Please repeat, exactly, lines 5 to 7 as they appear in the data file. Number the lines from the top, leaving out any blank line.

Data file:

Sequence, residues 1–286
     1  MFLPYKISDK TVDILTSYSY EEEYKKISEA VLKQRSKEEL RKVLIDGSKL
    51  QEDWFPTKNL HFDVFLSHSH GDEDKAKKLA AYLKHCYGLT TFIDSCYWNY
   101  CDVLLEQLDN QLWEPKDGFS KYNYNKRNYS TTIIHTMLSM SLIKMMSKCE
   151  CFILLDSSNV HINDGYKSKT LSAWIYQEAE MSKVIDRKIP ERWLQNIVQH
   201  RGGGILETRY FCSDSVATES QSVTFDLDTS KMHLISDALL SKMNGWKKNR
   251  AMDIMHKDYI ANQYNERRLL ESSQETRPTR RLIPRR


   151  CFILLDSSNV HINDGYKSKT LSAWIYQEAE MSKVIDRKIP ERWLQNIVQH
   201  RGGGILETRY FCSDSVATES QSVTFDLDTS KMHLISDALL SKMNGWKKNR
   251  AMDIMHKDYI ANQYNERRLL ESSQETRPTR RLIPRR